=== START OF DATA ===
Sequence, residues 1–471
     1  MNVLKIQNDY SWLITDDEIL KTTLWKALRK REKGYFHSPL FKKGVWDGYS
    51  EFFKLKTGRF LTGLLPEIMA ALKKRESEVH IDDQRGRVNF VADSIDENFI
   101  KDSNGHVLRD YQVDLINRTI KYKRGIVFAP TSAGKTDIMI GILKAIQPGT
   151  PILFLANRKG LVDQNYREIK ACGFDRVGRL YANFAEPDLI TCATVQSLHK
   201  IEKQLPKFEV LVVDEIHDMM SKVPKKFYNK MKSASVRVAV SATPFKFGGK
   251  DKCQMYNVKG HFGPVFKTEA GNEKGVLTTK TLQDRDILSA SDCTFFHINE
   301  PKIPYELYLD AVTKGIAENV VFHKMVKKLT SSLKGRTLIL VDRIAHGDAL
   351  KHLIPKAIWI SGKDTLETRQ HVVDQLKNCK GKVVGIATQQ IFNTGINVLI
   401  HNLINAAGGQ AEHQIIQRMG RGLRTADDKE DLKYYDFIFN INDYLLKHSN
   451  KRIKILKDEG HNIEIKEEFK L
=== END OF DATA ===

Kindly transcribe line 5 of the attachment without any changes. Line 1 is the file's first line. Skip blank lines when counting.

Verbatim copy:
   151  PILFLANRKG LVDQNYREIK ACGFDRVGRL YANFAEPDLI TCATVQSLHK